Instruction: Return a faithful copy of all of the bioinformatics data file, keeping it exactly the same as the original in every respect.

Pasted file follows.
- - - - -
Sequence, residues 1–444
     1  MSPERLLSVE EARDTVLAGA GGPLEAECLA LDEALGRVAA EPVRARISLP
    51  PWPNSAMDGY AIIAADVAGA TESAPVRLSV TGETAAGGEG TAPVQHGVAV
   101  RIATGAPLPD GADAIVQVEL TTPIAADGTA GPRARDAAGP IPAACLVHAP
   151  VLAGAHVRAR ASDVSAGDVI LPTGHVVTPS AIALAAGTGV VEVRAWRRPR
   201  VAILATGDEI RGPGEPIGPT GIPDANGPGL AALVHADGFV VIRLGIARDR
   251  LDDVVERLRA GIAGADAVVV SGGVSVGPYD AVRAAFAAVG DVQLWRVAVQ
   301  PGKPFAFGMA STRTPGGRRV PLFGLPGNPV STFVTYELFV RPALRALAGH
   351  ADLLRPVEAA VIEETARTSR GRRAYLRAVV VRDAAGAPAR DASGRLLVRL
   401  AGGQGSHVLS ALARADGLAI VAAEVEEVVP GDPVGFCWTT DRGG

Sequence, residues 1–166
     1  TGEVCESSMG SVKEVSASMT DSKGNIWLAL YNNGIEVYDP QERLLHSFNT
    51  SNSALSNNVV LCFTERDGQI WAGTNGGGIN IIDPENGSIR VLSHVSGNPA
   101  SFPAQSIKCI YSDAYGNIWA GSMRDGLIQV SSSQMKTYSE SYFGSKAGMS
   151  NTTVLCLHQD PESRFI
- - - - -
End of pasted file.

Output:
Sequence, residues 1–444
     1  MSPERLLSVE EARDTVLAGA GGPLEAECLA LDEALGRVAA EPVRARISLP
    51  PWPNSAMDGY AIIAADVAGA TESAPVRLSV TGETAAGGEG TAPVQHGVAV
   101  RIATGAPLPD GADAIVQVEL TTPIAADGTA GPRARDAAGP IPAACLVHAP
   151  VLAGAHVRAR ASDVSAGDVI LPTGHVVTPS AIALAAGTGV VEVRAWRRPR
   201  VAILATGDEI RGPGEPIGPT GIPDANGPGL AALVHADGFV VIRLGIARDR
   251  LDDVVERLRA GIAGADAVVV SGGVSVGPYD AVRAAFAAVG DVQLWRVAVQ
   301  PGKPFAFGMA STRTPGGRRV PLFGLPGNPV STFVTYELFV RPALRALAGH
   351  ADLLRPVEAA VIEETARTSR GRRAYLRAVV VRDAAGAPAR DASGRLLVRL
   401  AGGQGSHVLS ALARADGLAI VAAEVEEVVP GDPVGFCWTT DRGG

Sequence, residues 1–166
     1  TGEVCESSMG SVKEVSASMT DSKGNIWLAL YNNGIEVYDP QERLLHSFNT
    51  SNSALSNNVV LCFTERDGQI WAGTNGGGIN IIDPENGSIR VLSHVSGNPA
   101  SFPAQSIKCI YSDAYGNIWA GSMRDGLIQV SSSQMKTYSE SYFGSKAGMS
   151  NTTVLCLHQD PESRFI